An Abstract of the act 5. George IV. cap 74 … for ascertaining and establishing uniformity of weights and measures; also of the Act 1618, establishing the late Scottish standards … To which is subjoined an appendix, etc.
Edinburgh: Waugh and Innes, 1827.

George Buchanan.
Tables for converting the weights and measures hitherto in use in Great Britain into those of the imperial standards established by the recent act of Parliament.
Edinburgh: Fraser and Crawford, 1838.

Second Report. Page 5.

3. Compare the elegant engraving on the Inverkeithing ell bed, made for William Carmichael, Treasurer of Edinburgh, in 1500.



It appears by the very accurate measurement of the Scottish standard ell, made by Mr Jardine, Civil Engineer, and which has been ratified by the Jury lately appointed by the Sheriff of the county of Edinburgh,* to settle the proportions between the Scottish standard and the Imperial measures, that the length of the ell, reduced to the temperature of 62° Fahrenheit, is exactly 37.0598 Imperial inches; it is equal, therefore, to 1.02943888, &c. yards; and to convert ells into yards, multiply by this fraction. …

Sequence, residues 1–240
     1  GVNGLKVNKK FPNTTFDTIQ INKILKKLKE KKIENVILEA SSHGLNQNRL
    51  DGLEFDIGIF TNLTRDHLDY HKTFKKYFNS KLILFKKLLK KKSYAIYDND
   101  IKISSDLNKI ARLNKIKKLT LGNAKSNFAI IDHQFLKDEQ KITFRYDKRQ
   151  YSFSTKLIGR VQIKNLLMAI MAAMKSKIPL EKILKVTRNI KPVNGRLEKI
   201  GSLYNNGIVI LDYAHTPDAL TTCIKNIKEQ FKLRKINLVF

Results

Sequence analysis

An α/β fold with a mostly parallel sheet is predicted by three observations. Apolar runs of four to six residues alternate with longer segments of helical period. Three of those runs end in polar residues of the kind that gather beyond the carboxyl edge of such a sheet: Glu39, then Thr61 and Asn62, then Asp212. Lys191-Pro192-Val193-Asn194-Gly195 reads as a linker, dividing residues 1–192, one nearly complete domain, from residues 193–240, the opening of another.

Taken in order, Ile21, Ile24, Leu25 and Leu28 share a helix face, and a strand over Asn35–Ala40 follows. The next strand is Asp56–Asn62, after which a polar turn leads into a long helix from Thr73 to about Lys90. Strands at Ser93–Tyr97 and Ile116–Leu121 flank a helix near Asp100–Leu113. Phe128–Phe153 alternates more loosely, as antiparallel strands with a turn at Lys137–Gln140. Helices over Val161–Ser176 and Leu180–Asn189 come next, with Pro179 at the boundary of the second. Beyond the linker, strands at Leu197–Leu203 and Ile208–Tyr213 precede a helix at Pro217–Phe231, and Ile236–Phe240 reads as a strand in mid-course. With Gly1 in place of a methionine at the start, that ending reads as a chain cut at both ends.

The Scottish chain contains 24 ells, which is equal, by the above rule, to 24.70653333, &c. yards, or very nearly 74.1196 feet. …

superficial measures — chain, acre.

The square chain will contain, by the above fraction, 6104.12789, &c. square yards; and as the acre is just 10 square chains, it will contain 6104.12789 yards. …

*See Report and Verdict, among the County Reports. [These follow.-ed.]


Report to Adam Duff, Esq. his Majesty’s Sheriff-Depute of the County of Edinburgh, regarding the Weights and Measures heretofore in use in said County. By James Jardine, Civil-Engineer, Alexander Adie, Optician, and David Murray, Accountant, all in Edinburgh.

1. Length of the Scotch Ell, &c.